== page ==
It offers the opportunity to innovate, encouraging us as advertisers to learn by doing, rather than just thinking – a recurring theme at this year’s SXSW. Joi Ito of MIT’s Media Lab spoke of “Failure being a really good way to learn the facts. Experiment, do, make, prototype, learn and then doing it all over again”, while Biz Stone, Co-founder of Twitter spoke of the benefits 3D printing brings to the rapid prototyping stage, insisting that “…in order to succeed spectacularly, you have to be willing to fail spectacularly”.
It opens a whole new creative avenue, where advertisers can solve real world problems and create real value for their brands. I won’t go into detail with examples in this post, I’ll leave that until next week, but I did want to mention here the Belgian insurance provider DVV who have offered their customers a key scanning service, simply allowing them to re-print a copy of their key if they happen to misplace the original.
A do-it-yourself, punk ethos is emerging, combining creativity, innovation and storytelling. 3D printed parts, combined with controllers such as the Arduino, offer the potential to create brand experiences that would have been completely unachievable only a couple of years ago. We are seeing the rise of the inventor, the engineer, and the real world hacker as roles inside the most forward-thinking of agencies and digital shops.
The ability to create products that are ultra-personal to the consumer, utilising data to create the most dynamic and personal of prints, or allowing consumers to create their own ‘tweaked’ version of an existing product. Think utilising data from a consumer’s Facebook page that creates a print that tells a personal story about their own social connections.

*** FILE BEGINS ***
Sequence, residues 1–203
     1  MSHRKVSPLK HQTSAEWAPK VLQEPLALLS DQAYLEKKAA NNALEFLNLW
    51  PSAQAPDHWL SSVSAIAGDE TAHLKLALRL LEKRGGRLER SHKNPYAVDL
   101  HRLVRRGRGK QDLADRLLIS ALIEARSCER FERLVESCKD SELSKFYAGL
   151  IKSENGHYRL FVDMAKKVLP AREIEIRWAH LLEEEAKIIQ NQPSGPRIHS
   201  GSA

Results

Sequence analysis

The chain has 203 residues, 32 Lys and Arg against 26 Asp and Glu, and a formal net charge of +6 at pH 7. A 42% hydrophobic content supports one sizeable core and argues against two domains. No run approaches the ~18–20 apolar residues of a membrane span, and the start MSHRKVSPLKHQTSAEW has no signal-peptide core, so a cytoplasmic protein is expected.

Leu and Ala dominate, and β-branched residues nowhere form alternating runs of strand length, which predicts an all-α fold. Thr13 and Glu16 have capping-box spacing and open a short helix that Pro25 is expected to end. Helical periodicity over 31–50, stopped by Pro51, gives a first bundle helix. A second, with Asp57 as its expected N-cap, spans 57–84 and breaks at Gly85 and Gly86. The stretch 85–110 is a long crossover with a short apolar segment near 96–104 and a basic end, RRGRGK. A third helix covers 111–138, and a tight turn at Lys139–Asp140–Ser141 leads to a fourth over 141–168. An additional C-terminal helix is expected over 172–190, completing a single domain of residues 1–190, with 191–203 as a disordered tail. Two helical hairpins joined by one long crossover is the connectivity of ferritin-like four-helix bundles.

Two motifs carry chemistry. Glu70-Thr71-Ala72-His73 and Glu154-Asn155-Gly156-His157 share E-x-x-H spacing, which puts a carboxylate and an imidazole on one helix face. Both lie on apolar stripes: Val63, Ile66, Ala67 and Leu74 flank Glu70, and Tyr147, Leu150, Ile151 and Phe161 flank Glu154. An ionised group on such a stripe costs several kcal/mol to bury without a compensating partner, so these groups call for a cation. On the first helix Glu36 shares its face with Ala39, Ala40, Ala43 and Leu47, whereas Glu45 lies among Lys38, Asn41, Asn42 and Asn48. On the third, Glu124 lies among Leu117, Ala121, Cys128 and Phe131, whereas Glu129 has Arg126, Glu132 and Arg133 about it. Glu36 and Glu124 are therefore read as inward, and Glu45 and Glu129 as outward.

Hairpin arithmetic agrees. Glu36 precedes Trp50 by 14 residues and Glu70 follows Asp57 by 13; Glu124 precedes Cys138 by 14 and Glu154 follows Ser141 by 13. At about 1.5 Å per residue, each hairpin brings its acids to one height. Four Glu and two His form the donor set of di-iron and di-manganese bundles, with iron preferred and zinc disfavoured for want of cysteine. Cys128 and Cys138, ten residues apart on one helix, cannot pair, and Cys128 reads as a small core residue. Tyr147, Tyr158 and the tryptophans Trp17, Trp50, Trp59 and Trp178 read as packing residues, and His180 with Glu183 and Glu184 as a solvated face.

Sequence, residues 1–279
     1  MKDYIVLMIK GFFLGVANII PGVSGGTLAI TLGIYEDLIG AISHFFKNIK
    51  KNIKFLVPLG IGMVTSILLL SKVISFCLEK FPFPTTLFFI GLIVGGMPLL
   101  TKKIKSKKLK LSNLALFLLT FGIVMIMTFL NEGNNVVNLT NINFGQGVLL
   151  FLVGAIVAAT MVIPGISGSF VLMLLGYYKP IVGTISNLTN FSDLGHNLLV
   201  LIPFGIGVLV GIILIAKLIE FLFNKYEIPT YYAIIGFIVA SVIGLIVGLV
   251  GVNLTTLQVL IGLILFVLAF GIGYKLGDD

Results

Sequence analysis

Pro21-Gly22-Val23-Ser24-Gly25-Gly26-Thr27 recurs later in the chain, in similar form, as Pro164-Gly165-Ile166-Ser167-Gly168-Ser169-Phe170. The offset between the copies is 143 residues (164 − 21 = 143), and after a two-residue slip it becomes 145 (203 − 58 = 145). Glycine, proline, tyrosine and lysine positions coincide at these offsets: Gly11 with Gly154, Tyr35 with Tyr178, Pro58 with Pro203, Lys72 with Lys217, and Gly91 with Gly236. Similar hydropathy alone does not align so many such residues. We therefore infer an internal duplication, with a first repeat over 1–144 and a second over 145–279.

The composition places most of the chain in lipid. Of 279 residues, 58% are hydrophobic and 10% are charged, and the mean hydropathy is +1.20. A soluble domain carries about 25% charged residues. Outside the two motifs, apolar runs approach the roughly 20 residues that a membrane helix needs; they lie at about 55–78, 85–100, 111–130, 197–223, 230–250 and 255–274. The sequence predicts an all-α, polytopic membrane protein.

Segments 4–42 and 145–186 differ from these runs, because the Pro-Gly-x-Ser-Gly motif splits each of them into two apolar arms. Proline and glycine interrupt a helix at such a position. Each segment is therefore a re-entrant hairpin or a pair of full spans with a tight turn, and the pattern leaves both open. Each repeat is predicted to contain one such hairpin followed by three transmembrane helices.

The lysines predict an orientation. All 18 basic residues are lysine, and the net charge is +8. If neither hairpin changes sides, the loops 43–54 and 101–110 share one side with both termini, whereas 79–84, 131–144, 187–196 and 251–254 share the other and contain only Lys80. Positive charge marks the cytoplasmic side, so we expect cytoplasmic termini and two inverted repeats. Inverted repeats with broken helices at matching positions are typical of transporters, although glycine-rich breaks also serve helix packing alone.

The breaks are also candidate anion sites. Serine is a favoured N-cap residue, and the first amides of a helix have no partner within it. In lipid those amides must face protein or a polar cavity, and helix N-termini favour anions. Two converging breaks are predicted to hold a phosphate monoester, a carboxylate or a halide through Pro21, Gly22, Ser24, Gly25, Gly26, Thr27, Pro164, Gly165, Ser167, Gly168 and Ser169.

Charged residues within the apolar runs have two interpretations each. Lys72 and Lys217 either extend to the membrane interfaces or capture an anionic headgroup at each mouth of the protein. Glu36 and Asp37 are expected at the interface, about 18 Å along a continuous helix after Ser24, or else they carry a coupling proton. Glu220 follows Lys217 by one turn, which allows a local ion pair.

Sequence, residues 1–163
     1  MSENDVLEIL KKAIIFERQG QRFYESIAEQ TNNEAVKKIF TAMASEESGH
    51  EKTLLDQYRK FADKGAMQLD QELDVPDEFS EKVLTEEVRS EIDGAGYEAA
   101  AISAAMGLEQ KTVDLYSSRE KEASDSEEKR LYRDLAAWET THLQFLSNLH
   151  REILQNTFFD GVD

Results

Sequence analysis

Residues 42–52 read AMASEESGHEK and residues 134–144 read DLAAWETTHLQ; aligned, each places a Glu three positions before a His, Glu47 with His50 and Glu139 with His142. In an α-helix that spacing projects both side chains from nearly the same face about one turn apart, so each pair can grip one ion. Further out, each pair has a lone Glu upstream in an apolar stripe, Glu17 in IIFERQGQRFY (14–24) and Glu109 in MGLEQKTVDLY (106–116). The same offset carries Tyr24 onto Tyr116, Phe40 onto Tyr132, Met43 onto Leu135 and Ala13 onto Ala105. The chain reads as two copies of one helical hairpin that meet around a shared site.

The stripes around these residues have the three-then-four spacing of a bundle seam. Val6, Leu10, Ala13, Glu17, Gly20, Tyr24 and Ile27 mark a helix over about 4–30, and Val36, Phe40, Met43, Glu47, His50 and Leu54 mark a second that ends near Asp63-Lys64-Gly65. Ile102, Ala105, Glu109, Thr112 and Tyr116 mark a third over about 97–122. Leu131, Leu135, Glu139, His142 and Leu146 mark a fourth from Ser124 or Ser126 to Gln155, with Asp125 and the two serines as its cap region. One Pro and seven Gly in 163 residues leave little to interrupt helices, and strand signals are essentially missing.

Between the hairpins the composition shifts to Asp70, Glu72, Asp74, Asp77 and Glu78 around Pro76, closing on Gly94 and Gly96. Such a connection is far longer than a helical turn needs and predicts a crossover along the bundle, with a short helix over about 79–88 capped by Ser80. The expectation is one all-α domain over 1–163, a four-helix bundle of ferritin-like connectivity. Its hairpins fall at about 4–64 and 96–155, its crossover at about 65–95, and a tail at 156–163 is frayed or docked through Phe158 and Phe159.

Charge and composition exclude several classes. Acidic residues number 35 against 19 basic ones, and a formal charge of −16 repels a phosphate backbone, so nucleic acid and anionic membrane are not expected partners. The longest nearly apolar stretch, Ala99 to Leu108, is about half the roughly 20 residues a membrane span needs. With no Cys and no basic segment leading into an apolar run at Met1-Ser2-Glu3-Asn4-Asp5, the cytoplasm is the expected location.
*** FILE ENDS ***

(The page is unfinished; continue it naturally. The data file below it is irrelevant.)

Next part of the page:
It offers agencies the ability to work for themselves, don’t get me wrong, we love working for our clients, but with our combined smarts, we should be changing our models, some already are. The potential for developing our own products, of bringing our own ideas to fruition is huge.
On the flip side it will force us as advertisers to really consider the value of what we do to the consumer. Not wishing to speak ill of our industry, I read a great post by a clever guy by the name of Aki Spicer, in it he highlights the potential of 3D printing, but he also talks about constantly evaluating the output, he goes on to say “Is this additive value or just some more ad crap? Our ad crap is made more evident when it’s a real piece of crap sitting on a desk or floor, therefore the crap factor will, hopefully, make us work harder to do better for audiences who, are increasingly becoming immune to our virtual ad crap, even more so when it’s our physical ad crap”.
For me, 3D printing sees us at a cross section where art and science collide, it offers advertising such limitless potential, to innovate, to customise, to collaborate and to produce – creating unique physical experiences that consumers will engage with. It is still a little of an unknown quantity in advertising terms, but those that forge ahead and get it right will be remembered. In the words of the great David Ogilvy, “Leaders grab nettles”. So, let’s all go grab nettles.
Steve Mair is Creative Director – Digital at BCM